When Microsoft unveiled its Surface tablet earlier this year, it looked impressive, but left us with few details. This week, Microsoft began taking pre-orders for the device that will be available as of October 26. As anxious as some are to get a hold of the new Windows RT tablet, though, there are a few good reasons businesses might think twice.
At face value, a Windows-based device engineered by Microsoft would seem to be a slam dunk for businesses considering tablets. However, Windows RT is a different animal than Windows 8. It relies strictly on the Modern (formerly known as Metro) UI with its colourful tiles, and it can only use apps acquired from the Windows Store.
In both hardware and software, the Surface RT is a bit closer to rival tablet platforms like iOS and Android, and a bit less like the traditional Windows operating system. Still, it comes with Office apps pre-installed, and it could still be a viable mobile productivity tool for businesses.
There are three serious caveats to consider, though.
1. Not for Commercial Use
Paul Thurrott, a prominent expert on Windows, pointed out that the licence for Office 2013 Home & Student 2013 RT allows only for non-commercial use just like the PC version. That means that even though the Surface RT tablet comes with the Office apps pre-installed, the tablet cant actually be used for business productivity out of the box.
Thurrott explains that it isn't entirely true that the Office 2013 Home & Student 2013 RT apps can't be used for business. Microsoft has clarified that customers simply need to buy the standard Office 2013 licence, and that allows them to also legally use the Office RT apps for commercial use.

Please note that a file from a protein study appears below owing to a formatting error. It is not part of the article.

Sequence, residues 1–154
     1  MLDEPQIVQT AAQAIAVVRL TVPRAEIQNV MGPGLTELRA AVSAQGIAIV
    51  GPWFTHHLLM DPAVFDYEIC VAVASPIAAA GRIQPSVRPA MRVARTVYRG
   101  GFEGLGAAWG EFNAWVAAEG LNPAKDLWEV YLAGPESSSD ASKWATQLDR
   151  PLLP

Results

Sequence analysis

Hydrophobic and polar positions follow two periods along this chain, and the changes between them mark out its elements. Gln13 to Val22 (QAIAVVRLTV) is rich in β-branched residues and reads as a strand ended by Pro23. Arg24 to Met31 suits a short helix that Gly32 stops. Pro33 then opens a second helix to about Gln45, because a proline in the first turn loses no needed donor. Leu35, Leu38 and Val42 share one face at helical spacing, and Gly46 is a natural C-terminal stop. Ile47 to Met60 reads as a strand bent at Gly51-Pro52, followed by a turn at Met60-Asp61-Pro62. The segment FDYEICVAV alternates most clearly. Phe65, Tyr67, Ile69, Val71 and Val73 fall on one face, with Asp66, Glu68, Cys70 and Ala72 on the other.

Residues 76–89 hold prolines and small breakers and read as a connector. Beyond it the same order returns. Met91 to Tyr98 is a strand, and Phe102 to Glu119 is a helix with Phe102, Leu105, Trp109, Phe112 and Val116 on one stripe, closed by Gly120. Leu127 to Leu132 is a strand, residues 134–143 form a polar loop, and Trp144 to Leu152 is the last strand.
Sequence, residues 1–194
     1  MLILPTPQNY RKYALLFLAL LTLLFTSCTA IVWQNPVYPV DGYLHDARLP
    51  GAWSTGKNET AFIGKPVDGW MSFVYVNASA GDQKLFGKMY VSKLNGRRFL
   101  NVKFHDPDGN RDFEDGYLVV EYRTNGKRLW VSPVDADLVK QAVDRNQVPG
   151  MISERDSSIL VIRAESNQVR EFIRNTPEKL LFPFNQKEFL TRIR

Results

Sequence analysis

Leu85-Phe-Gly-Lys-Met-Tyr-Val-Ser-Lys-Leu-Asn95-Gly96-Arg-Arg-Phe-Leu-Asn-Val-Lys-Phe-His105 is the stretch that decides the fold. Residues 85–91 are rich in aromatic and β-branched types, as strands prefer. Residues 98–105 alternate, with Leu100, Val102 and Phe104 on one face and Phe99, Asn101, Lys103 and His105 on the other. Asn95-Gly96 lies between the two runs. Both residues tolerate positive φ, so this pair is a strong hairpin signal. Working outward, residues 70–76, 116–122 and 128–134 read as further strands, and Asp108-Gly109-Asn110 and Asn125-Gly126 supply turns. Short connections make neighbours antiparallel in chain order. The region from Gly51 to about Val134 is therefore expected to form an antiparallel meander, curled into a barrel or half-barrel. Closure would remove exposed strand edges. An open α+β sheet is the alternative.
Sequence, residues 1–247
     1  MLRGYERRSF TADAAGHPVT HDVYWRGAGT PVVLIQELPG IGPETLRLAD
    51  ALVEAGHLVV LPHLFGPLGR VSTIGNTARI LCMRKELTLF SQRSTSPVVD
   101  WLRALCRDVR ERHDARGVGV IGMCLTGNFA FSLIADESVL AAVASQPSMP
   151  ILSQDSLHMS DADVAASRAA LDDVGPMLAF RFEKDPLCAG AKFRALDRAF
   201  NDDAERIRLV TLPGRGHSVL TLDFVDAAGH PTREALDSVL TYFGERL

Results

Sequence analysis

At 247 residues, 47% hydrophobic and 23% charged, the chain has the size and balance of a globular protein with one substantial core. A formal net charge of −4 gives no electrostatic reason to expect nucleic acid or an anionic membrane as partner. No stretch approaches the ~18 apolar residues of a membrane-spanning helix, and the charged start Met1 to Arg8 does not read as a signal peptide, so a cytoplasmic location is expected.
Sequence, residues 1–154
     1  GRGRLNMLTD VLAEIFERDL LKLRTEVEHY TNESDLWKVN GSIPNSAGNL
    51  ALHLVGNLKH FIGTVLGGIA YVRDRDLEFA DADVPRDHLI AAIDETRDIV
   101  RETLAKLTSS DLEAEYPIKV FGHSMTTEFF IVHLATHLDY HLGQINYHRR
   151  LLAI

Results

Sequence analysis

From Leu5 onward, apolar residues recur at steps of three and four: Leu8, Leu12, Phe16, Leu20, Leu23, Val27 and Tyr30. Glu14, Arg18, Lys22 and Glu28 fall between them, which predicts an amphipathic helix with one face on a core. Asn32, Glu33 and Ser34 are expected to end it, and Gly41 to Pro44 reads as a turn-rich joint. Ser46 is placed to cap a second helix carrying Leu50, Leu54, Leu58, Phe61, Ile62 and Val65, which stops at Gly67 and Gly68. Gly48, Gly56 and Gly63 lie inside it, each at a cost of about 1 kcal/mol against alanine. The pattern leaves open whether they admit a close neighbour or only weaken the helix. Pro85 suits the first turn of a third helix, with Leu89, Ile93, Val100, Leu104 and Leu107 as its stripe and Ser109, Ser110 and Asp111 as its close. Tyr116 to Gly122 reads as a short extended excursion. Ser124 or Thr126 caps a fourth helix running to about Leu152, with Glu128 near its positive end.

That is a workaround, but basically means the Office RT apps that come pre-installed can only be used for business productivity if you also subscribe to Office 365, or invest additional money to buy the full PC version as well.
2. No Outlook
Another problem with the Surface RT when it comes to business use is that the Microsoft Office tool that is probably the most widely used of the entire suite is absent from the RT apps - Outlook. Many companies rely on Microsoft Outlook for email, calendar, and contacts, and the integration with Microsoft Exchange helps IT admins manage it all.
The Mail, People, and Calendar apps in Windows RT perform similar functions. These apps can integrate with Exchange using Exchange ActiveSync, but lack the consistent look and feel of Outlook that users are accustomed to, and fall short of delivering all of the capabilities users expect from Outlook.
3. Cant join a domain
Another issue that might deter some businesses is the fact that Windows RT can't join a traditional Windows network domain. Granted, neither can iOS or Android tablets, so this isnt exactly an Earth-shattering deal breaker as far as tablets go.
There are two things to consider, though, when it comes to the ability of a business to manage its tablets. First, is to consider the options available. There are many mobile device management (MDM) platform options that can provide some control over iOS and Android, and Apple has made significant strides over the years to make iOS more manageable through Exchange ActiveSync. Windows RT probably has similar capabilities available through Exchange ActiveSync.
The other option is to hold out for Windows 8 Pro tablets. Windows 8 Pro tablets have standard Intel or AMD processors like those in desktops and laptops, and they're capable of running the full Windows 8 operating system. That means they can use all of the same software, and connect to a domain to be managed through Active Directory and Group Policy just like any other Windows 8 PC.
The caveat here is that Windows 8 Pro tablets will most likely cost significantly more than the Surface RT, so you sort of get what you pay for.
Overall, the Surface RT still seems like it has potential. But, businesses that are chomping at the bit to get their hands on one should be aware of these limitations before investing in the new tablet.